An installation view of the exhibition Franz West: Early Work, at David Zwirner New York, dated 2005.

Franz West

Early Work

Franz West, who is now widely considered to be one of Europe's most important contemporary sculptors, has been showing steadily since the mid 1970s. This exhibition brings together a large group of sculptures, collages and works on paper dating from 1972-1988 which have never before been exhibited in the United States. The group illustrates the richness of West's early production and offers significant insight into the fundamental theories, ideas and practices that still shape West's work today.

In the 1970s, West began to make sculpture which he called Passstücke. The works are essentially papier-mâché, plaster and fiberglass sculptures painted white that often use material from everyday life, such as bottles, broom and paint brush handles and other miscellaneous objects as points of departure. The term Passstücke can loosely be translated as "adaptive". They are meant to relate to the user's body, as they adapt to the body or the body adapts to them. The Passstücke carried or worn by the receiver effect a temporary expansion of the limits of the body; this expansion constantly changes during the interactive process and influences one’s perception of reality and one’s state of mind. The sculptures are intended to be handled and are not meant to be merely contemplated.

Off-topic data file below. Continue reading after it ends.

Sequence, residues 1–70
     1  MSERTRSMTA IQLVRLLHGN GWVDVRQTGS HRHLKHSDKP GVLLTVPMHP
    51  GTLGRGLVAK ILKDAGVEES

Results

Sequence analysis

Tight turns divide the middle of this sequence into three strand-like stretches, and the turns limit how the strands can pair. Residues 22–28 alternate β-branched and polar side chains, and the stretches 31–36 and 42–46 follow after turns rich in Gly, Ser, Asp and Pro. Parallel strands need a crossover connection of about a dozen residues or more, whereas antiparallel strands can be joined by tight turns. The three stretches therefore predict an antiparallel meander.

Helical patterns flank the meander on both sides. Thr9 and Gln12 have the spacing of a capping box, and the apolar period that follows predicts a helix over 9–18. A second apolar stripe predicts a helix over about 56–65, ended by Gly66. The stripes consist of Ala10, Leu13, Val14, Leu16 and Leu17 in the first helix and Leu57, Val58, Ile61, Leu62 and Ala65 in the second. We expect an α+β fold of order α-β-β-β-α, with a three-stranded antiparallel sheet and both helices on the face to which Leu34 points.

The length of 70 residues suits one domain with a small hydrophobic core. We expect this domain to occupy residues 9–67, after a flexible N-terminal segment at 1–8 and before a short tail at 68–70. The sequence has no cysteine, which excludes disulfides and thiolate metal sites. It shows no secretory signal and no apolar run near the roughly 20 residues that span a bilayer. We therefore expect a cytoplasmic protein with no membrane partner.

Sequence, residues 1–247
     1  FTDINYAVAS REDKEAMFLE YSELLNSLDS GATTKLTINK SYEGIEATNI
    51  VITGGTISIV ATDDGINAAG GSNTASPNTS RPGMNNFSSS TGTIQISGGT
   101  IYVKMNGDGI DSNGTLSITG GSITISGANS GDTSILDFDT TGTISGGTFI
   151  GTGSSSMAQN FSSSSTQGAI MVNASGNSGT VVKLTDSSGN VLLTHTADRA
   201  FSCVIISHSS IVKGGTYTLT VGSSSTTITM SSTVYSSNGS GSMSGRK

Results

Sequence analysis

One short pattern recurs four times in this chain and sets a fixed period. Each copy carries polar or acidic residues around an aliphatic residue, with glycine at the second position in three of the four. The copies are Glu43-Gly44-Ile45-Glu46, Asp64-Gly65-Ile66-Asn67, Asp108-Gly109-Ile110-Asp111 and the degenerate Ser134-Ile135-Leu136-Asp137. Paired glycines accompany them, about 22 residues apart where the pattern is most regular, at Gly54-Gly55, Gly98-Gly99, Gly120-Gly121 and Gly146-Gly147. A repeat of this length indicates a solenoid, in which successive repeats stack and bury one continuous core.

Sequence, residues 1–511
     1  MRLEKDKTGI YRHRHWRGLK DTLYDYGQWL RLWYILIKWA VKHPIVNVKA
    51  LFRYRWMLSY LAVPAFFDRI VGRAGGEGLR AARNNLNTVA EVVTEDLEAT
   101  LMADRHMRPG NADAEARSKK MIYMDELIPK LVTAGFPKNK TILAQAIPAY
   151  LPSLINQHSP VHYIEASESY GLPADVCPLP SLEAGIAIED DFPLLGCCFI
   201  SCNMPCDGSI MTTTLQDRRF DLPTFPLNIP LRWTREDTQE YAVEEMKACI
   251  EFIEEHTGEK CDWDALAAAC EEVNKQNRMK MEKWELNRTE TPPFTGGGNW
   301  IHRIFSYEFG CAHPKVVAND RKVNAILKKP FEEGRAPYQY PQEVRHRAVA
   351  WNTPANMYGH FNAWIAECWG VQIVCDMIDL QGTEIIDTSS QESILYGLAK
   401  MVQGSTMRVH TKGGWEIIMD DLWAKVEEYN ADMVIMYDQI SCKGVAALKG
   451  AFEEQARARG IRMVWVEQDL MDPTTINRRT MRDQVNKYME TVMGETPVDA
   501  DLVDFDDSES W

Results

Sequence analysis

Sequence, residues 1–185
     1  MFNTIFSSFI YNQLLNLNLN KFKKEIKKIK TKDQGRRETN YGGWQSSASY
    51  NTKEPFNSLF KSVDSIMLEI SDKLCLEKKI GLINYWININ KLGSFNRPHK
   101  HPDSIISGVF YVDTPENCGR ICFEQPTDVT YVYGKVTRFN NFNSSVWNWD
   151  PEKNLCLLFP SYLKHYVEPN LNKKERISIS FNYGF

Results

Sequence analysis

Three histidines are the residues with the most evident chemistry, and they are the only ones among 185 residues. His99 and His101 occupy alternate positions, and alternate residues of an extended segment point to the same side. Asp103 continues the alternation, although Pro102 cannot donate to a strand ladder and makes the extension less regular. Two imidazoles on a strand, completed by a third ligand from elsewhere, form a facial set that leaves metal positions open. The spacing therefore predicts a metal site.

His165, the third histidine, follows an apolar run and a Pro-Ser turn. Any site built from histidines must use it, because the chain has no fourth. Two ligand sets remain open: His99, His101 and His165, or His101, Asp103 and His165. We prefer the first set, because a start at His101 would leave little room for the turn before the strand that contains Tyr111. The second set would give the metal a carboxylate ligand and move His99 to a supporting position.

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Dates
October 30, 2004January 8, 2005
Artist
A sculpture by Franz West, titled Paßstück (Adaptive), dated 1975.

Franz West

Paßstück (Adaptive), 1975
Wood, plaster, and dispersion
19 1/4 x 31 1/2 x 15 3/4 inches (49 x 80 x 40 cm)
A sculpture by Franz West, titled Paßstück, dated circa 1980.

Franz West

Paßstück, ca. 1980
Metal, plaster and paint
11.61 x 13.78 x 8.66 inches (29.5 x 35 x 22 cm)
An installation view of the exhibition Franz West: Early Work, at David Zwirner New York, dated 2005.

Franz West has never limited himself to a specific medium or mode of expression in his work. Like other artists who have come of age during or after Conceptualism and Minimalism, he has embraced a variety of media–from drawings to sculptures, to single-channel videos, to largescale, room-size installations. However, two aspects of his oeuvre have been especially characteristic: his interest in the autonomous sculpture and his investigation of works of art that are interactive. Over the years he has successfully blurred the boundary between the work of art and everyday life. The Passstücke are now a part of art history, his trademark furniture has expanded our definition of contemporary sculpture, and his collages and magazine paintings are comfortably situated in a post-Pop canon of artists that includes such contemporaries as Richard Prince and Cindy Sherman.

A collage by Franz West, titled Die Welt zerfaellt in Tatsachen (The World Disintegrates into Facts), dated circa 1970.

Franz West

Die Welt zerfaellt in Tatsachen (The World Disintegrates into Facts), ca. 1970
Paint and oilstick on magazine ad, mounted on white mat
13 x 10 inches (33 x 25.4 cm)
A collage by Franz West, titled Untitled (Spill), dated 1977.

Franz West

Untitled (Spill), 1977
Paint on magazine ad
10 3/4 x 8 inches (27.3 x 20.3 cm)

Franz West

Namensbild Attila, c. 1975-1985
Newspaper, cardboard, and plywood
10 5/8 x 11 3/4 x 2 1/8 inches (27 x 30 x 5.5 cm)
A mixed media wall-hanging sculpture by Franz West, titled Namensbild Fredl (Nameplate Fredl), dated 1974.

Franz West

Namensbild Fredl, 1974
Papier-mâché, cardboard, and paint
12 1/4 x 18 3/4 x 2 1/8 inches (31 x 47.5 x 5.5 cm)

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